It would be interesting to understand just how modern this ingredient-focused view is in Europe, and in particular in France. The aphorism I have used as a signature (roughly, “great cooking happens when the ingredients taste like themselves”) is from Curnonsky (Maurice Edmond Sailland) who lived from 1872 to 1956, and who had a lot to do with the “discovery” of provincial restaurants and cookery. Edouard de Pomiane (1875-1964) followed in this school, and influenced Elizabeth David with his emphasis on simpler treatments of excellent ingredients – e.g. his recipe for tomates à la crème. And David, of course, had a deep influence on Alice Waters.

My guess is that these days we would be surprised if a chef or food writer wrote as Julia Child did above. The Waters/River Café/David perspective is the more common. But which goes back further?

Jonathan Day

"La cuisine, c'est quand les choses ont le go�t de ce qu'elles sont."

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JD, excellent points, very well made.

"I've caught you Richardson, stuffing spit-backs in your vile maw. 'Let tomorrow's omelets go empty,' is that your fucking attitude?" -E. B. Farnum

"Behold, I teach you the ubermunch. The ubermunch is the meaning of the earth. Let your will say: the ubermunch shall be the meaning of the earth!" -Fritzy N.

"It's okay to like celery more than yogurt, but it's not okay to think that batter is yogurt."

Serving fine and fresh gratuitous comments since Oct 5 2001, 09:53 PM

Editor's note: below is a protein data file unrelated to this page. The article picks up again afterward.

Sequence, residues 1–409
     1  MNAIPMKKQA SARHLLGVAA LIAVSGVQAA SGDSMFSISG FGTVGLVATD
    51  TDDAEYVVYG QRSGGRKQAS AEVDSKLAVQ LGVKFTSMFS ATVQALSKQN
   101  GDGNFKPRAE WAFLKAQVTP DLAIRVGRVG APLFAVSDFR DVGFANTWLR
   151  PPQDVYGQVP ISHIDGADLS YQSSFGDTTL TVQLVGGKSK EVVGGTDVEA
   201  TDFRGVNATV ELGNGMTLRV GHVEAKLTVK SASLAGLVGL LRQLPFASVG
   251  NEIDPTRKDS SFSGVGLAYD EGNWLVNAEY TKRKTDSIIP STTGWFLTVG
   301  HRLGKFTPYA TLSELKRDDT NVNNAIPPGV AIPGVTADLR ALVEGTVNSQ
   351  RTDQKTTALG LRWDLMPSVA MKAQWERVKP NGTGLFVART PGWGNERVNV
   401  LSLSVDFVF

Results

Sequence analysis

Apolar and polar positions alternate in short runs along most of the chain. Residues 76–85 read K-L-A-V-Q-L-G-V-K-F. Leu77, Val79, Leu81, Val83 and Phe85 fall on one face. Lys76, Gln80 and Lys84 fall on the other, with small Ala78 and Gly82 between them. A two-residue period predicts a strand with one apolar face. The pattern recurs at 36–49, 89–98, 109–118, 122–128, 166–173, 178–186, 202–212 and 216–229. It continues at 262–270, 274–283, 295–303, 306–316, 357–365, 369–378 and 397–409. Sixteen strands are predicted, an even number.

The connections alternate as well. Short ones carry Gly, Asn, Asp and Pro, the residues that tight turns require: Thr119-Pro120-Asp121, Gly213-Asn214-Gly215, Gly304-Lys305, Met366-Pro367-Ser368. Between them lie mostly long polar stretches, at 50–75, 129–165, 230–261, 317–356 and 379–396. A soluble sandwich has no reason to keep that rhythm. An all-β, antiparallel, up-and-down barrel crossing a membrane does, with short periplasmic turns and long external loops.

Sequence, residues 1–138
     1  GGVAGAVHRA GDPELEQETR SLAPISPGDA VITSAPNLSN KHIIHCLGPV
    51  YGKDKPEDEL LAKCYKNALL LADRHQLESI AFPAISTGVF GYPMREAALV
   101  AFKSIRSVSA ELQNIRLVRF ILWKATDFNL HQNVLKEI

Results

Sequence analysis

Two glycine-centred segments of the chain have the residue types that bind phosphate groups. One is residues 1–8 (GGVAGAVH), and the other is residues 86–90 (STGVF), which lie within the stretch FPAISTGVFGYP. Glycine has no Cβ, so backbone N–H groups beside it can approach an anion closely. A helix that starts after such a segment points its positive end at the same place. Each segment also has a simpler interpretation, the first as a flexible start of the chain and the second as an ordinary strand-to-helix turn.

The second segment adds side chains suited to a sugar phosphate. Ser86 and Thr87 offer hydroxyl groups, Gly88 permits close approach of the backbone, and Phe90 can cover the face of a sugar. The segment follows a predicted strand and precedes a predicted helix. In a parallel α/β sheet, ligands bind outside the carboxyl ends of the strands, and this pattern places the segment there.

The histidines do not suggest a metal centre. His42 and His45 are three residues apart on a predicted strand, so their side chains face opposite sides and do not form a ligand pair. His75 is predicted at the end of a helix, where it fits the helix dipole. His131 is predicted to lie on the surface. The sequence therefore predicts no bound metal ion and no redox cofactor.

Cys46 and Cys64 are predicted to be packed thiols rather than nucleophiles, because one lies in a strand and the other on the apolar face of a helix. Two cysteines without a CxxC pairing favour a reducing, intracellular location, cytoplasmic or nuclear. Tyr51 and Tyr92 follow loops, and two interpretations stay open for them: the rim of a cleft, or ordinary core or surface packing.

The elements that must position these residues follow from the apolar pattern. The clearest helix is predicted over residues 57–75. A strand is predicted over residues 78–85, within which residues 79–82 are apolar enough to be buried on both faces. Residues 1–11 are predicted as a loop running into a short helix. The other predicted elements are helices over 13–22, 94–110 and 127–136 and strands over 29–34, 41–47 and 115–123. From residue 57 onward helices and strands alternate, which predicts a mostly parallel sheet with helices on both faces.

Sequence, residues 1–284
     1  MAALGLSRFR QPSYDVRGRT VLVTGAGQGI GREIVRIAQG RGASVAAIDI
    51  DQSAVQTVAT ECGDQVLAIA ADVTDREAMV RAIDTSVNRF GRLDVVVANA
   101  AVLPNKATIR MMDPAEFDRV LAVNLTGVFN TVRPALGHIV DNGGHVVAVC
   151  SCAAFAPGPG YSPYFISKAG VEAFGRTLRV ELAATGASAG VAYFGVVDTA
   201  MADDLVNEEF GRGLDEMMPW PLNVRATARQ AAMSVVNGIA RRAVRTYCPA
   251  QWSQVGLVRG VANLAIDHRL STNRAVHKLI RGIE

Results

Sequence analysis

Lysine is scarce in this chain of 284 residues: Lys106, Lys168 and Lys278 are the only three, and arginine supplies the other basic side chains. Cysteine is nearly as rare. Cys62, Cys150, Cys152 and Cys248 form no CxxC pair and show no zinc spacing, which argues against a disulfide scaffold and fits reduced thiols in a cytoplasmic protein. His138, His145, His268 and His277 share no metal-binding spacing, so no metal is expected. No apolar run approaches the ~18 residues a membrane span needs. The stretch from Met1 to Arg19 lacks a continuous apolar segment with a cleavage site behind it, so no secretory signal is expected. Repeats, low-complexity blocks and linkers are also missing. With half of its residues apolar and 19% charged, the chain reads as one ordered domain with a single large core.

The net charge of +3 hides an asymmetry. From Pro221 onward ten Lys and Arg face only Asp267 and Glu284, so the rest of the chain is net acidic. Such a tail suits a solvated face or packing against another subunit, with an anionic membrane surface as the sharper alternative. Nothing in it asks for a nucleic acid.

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JD: yes, this makes sense. I'm very much Waters/River Café school myself. Of course, it's more suited to a culture in which it's increasingly possible to get high-quality ingredients (just got back from Borough), whereas time doesn't necessarily allow amateurs to refine complicated techniques. But I find that even my memories of my favourite dishes, eaten out, turn out to be biased towards simple preparations that let through extraordinary ingredients. I'm not a big sauce person; nor can I really recreate in my mind, say, the cappucino fish thingy whatsits I had back at Ramsay's Aubergine. What I remember are things like branzino al sale, good sushi, that amazing acorn-fed pork at Eyre Bros. earlier this year.

Odd, then, that of all the restaurants in the world, the one I've not been to and would most like to visit is El Bulli.

Jin, is your early rising connected to the need for good ingredients?

Edit note: I realise it takes years to train as a sushi chef. But surely the ingredients are paramount.

Edited by Kikujiro (log)
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Jin, is your early rising connected to the need for good ingredients?

One could say that.